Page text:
New Zealand Law Society - Suspension penalty increased for misconduct

Suspension penalty increased for misconduct

The New Zealand Law Society | Te Kāhui Ture o Aotearoa acknowledges today’s High Court judgment, following an appeal by the Standards Committee, which increases James Gardner-Hopkins' suspension as a practising lawyer from two years to the maximum period of three years.

The High Court regarded Mr Gardner-Hopkins' misconduct as serious, and said “it is conduct that is wholly unacceptable in the legal profession.”

The judgment recognises the importance of the public and the profession being able to have confidence that those entering the profession will be safe and treated with respect, and ensuring that misconduct is appropriately dealt with in a way which both the profession and the public expect.

The High Court’s decision means Mr Gardner-Hopkins cannot practise as a lawyer in New Zealand for three years. The penalty imposed also means Mr Gardner-Hopkins will not automatically be able to work as a lawyer after his suspension ends in February 2025.

Following suspension, he will need to apply to the Law Society for a new practising certificate and he will have to prove he is fit and proper to be a lawyer again.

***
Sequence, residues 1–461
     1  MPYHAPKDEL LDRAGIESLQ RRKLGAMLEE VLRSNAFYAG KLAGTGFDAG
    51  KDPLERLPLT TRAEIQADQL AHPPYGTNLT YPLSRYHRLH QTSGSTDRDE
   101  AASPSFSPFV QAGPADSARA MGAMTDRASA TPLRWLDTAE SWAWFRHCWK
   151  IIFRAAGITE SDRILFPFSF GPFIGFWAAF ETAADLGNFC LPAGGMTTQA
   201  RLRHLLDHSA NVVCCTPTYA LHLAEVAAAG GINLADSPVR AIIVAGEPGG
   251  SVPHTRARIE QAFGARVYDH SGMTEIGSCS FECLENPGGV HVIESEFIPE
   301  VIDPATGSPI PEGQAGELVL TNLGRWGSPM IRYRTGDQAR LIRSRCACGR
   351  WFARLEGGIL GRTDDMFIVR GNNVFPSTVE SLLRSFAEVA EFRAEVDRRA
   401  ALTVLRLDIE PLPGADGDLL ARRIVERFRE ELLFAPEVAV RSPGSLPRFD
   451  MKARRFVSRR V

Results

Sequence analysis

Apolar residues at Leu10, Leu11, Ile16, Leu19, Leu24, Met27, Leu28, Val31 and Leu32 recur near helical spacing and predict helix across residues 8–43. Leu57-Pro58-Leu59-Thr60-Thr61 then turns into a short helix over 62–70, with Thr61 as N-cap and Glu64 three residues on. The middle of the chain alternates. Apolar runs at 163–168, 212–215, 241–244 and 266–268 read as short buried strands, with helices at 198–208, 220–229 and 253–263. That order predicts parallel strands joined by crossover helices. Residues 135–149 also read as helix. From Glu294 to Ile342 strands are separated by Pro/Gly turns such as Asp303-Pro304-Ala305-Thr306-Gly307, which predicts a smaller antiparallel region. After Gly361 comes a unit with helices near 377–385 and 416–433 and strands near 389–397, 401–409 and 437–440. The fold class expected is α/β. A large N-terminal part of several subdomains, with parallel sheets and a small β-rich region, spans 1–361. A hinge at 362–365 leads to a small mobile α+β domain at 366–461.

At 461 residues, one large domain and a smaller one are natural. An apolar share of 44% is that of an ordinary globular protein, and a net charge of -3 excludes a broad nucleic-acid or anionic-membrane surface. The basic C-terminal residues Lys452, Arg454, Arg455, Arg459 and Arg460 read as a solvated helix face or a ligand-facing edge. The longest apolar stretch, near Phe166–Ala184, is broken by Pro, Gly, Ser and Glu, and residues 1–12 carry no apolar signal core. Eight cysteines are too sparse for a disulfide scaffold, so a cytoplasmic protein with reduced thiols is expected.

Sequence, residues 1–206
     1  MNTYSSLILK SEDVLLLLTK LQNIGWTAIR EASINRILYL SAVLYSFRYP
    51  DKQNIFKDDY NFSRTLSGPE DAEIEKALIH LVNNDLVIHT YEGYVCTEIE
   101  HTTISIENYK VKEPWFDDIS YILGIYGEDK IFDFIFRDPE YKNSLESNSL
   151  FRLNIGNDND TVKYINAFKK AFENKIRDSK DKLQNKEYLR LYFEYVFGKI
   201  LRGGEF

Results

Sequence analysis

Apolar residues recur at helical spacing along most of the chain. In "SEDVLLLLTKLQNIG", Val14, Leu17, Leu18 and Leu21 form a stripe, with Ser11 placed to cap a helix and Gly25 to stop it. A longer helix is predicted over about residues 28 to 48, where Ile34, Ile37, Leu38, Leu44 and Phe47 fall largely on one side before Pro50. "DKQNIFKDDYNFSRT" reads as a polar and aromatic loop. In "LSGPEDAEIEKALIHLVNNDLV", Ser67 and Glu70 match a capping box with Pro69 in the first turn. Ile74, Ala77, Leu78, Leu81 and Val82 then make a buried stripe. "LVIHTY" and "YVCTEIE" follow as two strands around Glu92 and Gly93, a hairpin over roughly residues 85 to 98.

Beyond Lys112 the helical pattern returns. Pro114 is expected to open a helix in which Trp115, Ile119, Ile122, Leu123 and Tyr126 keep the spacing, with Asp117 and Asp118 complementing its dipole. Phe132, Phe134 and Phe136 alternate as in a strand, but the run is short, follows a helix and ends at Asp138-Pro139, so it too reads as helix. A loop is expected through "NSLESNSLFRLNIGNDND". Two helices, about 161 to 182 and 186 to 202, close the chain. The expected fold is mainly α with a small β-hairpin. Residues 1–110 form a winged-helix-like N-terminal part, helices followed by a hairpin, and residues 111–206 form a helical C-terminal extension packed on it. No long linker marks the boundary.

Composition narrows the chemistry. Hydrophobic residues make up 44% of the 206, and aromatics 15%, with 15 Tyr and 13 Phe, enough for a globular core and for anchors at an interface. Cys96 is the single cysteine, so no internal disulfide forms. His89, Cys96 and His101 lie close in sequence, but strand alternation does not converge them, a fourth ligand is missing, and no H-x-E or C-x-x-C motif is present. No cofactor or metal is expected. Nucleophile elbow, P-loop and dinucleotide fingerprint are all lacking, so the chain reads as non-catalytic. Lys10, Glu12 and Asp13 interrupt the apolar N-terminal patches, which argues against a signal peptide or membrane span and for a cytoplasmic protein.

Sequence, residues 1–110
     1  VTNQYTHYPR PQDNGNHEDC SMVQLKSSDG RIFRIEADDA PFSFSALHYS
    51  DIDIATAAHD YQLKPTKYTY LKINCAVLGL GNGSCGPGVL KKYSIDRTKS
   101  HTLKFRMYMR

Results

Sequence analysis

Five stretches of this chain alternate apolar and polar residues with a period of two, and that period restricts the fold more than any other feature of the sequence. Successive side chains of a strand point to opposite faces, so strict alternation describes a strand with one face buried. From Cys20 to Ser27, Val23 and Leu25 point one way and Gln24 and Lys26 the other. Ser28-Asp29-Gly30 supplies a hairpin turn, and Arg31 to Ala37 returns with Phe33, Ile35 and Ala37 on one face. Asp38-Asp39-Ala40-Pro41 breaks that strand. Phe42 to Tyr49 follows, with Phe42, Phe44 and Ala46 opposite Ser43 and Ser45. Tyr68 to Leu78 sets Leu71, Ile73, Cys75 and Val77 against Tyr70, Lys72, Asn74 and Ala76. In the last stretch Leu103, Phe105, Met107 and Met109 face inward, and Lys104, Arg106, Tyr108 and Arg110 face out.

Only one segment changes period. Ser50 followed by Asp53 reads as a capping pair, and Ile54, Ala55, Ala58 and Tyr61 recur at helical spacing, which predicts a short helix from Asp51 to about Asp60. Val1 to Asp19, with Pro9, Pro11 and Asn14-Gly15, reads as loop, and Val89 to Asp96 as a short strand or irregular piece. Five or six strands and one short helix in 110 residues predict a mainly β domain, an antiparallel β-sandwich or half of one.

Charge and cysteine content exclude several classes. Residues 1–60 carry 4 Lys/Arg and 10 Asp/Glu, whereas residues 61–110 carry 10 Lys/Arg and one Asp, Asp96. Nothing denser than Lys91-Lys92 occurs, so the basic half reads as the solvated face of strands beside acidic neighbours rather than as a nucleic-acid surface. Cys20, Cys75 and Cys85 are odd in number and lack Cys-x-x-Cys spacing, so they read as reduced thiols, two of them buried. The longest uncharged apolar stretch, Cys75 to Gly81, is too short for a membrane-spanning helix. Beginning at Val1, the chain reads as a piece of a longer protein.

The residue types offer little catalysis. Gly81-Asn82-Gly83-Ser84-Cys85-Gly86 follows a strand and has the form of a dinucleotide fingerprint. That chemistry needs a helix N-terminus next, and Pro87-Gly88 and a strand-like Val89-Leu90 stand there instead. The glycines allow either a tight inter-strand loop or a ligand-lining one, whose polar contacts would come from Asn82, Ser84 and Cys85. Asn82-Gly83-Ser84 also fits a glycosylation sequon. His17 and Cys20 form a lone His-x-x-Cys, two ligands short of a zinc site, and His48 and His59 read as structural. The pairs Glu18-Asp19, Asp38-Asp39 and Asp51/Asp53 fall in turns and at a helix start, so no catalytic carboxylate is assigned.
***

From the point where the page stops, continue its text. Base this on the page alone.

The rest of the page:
The Law Society acknowledges the time this matter has taken to progress and the effect this has had on the women involved.

As an organisation, we have already made changes to our process to make it more suitable for sensitive complaints like this one. Other changes to ensure the complaints system can be faster, more victim-focused and transparent require amendments to our legislation.

As well as this, the Independent Review of legal services in Aotearoa New Zealand is currently consulting with the legal profession and the wider public to identify what changes are needed for modern and well-functioning regulation and representation of the legal profession in Aotearoa New Zealand.

The Law Society has already adopted recommendations from the inquiry undertaken by Dame Silvia Cartwright including mandatory reporting obligations for sexual harassment, bullying, discrimination and other inappropriate workplace behaviour within the legal profession, clearer behavioural standards, and ‘whistle-blower’ protection.

The High Court concludes that “Mr Gardner-Hopkins' actions were serious. All the young women were particularly vulnerable. Quite apart from his physical presence and the age difference between them, as a partner of the firm, Mr Gardner-Hopkins was responsible for their safety and wellbeing.”

The Law Society will continue its focus on making positive changes for the legal profession and wider public.

Read the High Court judgment here